What are the possible solutions to the Verulamium Lake crisis?

Verulamium park in St Albans- what are the solutions?

Verulamium park in St Albans- what are the solutions? - Credit: Archant

Following a passionate community response to the poor state of Verulamium lake, St Albans district council (SADC) has been looking into various solutions that offer an alternative to draining or dredging it.

Many residents have suggested this was the only option to prevent further diseases developing in the water, but others have come forward with their own solutions.

The Herts Advertiser took a stroll around the lake with Cllr Daniel Chichester-Miles, portfolio holder for environment, Richard Shwe, head of community services, Verulam ward Cllr Jessica Chivers, and Dan Flitton, a green spaces officer from the district council, to discuss their plans.


There is an excess of litter in and around the lake, with much of it caught in the reeds, which adds to the water pollution.

District council solution: The installation of signs around the lake, designed with the help of school children, to discourage littering.

Low oxygen levels in the water

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A lack of vegetation, slow water flow, and build up of silt has led to poorly oxygenated water, provides a breeding ground for diseases like avian botulism.

District council solution: Artificial reed beds installed within the next 12 months with added vegetation to help oxygenate the water.

Stagnant water

A poor water flow from the River Ver through the sluice gate has meant the water in the lake remains stagnant and unable to flush out pollution.

District council solution: SADC is entitled to extract 20 cubic metres of water per day from aquifers (underground layers of water) around the district. A possible option is to use an aquifer just north of the lake to help pump fresh water into the lake. This comes with its own risks as the aquifers feed into springs that feed into the river Ver.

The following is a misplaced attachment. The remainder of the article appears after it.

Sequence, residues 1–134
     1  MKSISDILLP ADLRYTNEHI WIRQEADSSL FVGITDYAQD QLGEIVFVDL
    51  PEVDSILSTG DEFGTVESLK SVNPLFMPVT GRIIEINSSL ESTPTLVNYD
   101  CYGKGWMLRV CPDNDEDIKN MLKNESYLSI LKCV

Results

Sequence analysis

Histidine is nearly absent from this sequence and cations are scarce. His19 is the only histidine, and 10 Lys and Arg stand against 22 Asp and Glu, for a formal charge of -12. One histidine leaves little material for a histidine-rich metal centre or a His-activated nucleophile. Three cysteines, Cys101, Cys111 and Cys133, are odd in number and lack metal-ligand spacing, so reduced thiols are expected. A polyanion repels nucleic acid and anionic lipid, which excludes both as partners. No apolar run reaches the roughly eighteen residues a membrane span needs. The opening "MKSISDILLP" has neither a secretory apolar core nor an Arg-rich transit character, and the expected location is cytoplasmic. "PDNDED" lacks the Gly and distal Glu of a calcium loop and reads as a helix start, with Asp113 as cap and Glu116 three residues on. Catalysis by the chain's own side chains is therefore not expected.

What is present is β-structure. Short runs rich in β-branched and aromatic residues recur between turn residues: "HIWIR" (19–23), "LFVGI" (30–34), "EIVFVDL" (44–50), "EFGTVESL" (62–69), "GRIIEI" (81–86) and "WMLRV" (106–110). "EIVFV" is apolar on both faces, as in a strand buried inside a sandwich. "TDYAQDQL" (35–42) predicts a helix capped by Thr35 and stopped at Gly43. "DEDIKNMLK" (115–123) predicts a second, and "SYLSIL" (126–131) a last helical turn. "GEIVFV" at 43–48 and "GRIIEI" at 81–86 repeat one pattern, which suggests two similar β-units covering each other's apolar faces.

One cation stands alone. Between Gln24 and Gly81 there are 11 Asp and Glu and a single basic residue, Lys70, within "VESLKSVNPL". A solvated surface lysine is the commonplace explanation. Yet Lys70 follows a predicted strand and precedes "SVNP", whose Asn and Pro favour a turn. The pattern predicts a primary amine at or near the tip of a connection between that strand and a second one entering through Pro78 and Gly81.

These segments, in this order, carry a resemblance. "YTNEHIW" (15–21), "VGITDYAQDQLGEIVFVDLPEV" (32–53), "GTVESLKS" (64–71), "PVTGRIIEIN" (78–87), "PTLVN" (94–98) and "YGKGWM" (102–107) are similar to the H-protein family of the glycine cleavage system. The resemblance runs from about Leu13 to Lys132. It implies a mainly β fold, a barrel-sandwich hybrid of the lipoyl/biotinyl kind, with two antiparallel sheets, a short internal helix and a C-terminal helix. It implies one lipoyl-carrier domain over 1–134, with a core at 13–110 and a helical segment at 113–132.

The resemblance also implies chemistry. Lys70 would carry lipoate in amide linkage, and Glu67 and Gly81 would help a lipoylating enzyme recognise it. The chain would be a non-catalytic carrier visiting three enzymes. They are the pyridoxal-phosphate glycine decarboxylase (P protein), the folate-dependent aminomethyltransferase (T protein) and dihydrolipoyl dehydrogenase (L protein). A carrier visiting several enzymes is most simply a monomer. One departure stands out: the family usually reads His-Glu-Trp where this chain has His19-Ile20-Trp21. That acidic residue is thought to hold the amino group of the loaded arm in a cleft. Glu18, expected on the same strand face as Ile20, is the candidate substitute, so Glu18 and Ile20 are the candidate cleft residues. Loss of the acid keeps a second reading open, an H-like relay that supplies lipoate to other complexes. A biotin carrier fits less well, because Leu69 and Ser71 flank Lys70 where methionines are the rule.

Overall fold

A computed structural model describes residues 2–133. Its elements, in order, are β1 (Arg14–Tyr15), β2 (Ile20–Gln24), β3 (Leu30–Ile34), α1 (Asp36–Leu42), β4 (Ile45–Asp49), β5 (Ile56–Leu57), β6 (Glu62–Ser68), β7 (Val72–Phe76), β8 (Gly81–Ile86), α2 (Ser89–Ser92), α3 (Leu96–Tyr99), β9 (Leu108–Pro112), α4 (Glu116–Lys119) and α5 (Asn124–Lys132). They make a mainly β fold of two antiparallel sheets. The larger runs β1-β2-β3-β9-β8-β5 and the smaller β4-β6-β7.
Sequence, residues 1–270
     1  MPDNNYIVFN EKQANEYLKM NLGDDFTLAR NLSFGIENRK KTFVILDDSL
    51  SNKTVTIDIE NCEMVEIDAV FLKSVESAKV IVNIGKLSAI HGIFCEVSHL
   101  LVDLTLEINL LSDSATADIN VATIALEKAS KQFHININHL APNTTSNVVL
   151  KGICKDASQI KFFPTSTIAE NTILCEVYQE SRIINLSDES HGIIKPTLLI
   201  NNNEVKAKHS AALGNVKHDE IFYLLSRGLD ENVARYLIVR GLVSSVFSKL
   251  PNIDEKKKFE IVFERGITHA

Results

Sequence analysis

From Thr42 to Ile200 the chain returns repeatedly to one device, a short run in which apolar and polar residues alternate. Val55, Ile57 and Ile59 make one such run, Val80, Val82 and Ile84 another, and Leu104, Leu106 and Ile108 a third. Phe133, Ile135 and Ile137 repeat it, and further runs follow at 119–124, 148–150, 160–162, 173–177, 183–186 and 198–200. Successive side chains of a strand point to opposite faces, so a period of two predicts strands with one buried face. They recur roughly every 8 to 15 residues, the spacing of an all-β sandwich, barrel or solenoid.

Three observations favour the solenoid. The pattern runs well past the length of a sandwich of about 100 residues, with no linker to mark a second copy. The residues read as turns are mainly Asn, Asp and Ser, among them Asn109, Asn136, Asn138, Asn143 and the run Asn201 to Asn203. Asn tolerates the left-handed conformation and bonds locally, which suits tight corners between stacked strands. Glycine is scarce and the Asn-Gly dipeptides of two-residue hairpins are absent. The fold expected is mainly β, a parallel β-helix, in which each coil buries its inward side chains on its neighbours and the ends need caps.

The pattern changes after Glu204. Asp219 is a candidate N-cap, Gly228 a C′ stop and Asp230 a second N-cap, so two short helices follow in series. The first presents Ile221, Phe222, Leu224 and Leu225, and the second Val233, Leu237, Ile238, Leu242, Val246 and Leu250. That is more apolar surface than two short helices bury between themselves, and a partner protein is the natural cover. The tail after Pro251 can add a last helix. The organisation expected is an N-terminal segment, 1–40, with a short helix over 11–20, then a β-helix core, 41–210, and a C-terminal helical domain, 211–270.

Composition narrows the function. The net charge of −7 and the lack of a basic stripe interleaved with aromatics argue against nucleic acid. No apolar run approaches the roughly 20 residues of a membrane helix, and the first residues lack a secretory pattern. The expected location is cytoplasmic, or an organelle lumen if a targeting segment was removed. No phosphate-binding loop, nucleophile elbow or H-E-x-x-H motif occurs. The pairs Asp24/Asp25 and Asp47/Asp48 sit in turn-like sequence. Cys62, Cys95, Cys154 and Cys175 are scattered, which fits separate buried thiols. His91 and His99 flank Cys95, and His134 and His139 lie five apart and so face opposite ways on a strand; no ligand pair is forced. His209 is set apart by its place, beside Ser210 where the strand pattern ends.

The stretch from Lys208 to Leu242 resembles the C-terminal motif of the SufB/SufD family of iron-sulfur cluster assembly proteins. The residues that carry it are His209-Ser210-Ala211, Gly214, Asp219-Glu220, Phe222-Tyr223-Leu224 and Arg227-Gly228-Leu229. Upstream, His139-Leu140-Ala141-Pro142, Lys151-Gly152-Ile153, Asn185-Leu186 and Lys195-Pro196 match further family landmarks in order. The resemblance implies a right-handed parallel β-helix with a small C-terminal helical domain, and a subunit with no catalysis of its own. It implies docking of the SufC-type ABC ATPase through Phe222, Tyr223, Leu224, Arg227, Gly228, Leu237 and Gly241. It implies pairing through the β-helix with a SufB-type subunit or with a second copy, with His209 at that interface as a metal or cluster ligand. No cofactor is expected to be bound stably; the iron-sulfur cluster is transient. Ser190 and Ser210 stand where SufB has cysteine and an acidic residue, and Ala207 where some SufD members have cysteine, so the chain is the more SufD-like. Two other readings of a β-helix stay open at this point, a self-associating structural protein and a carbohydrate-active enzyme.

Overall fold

Cllr Chichester-Miles said: “As a chalk stream river it is a rare habitat of which Hertfordshire has a significant proportion of the world’s stock. As such we would need to consult with engineers and importantly the wider community. If viable this would have the advantage of allowing us to close the sluice gates and provide a sustainable solution to a problem which has plagued the lake for the last 50 years.”

Silt removal

There is a thick layer of silt at the bottom of the lake mainly made up of decades of accumulated duck faeces and dirt, providing a breeding ground for diseases and causing the lake to floodafter heavy rainfall.

District council solution: The council has refused to dig out or dredge the lake, but is in talks with a local engineer who specialises in a very small floating digger, Truxor. This machine is a less intrusive digger that gradually removes the silt, and currently costings and the extent of silt removal are being examined.

Cllr Chichester-Miles said: “If coupled with a permanent ‘cure’ to the lake silting up then this would be a finite process rather than a continuous effort.”

The district council will update the Herts Advertiser about whether they choose this solution after a meeting with the engineer at the end of the month.

Poor diet of ducks

A diet of low-nutrient bread has resulting in St Albans’ duck population becoming unwell and dependent on humans for their food. Their faeces also contains chemicals from the bread they can’t digest, and this, in turn, pollutes the water further.

District council solution: The installation of six boards around the lake which educate the community on why they shouldn’t be feeding the ducks.

Cllr Chichester-Miles said: “Advice received from the royal parks agency and the RSPCA concludes that feeding certain foods like bread is not only harmful to the duck’s digestive system but interferes with normal migratory patterns leading to ducks becoming reliant on feeding rather than migrating to warmer climbs.”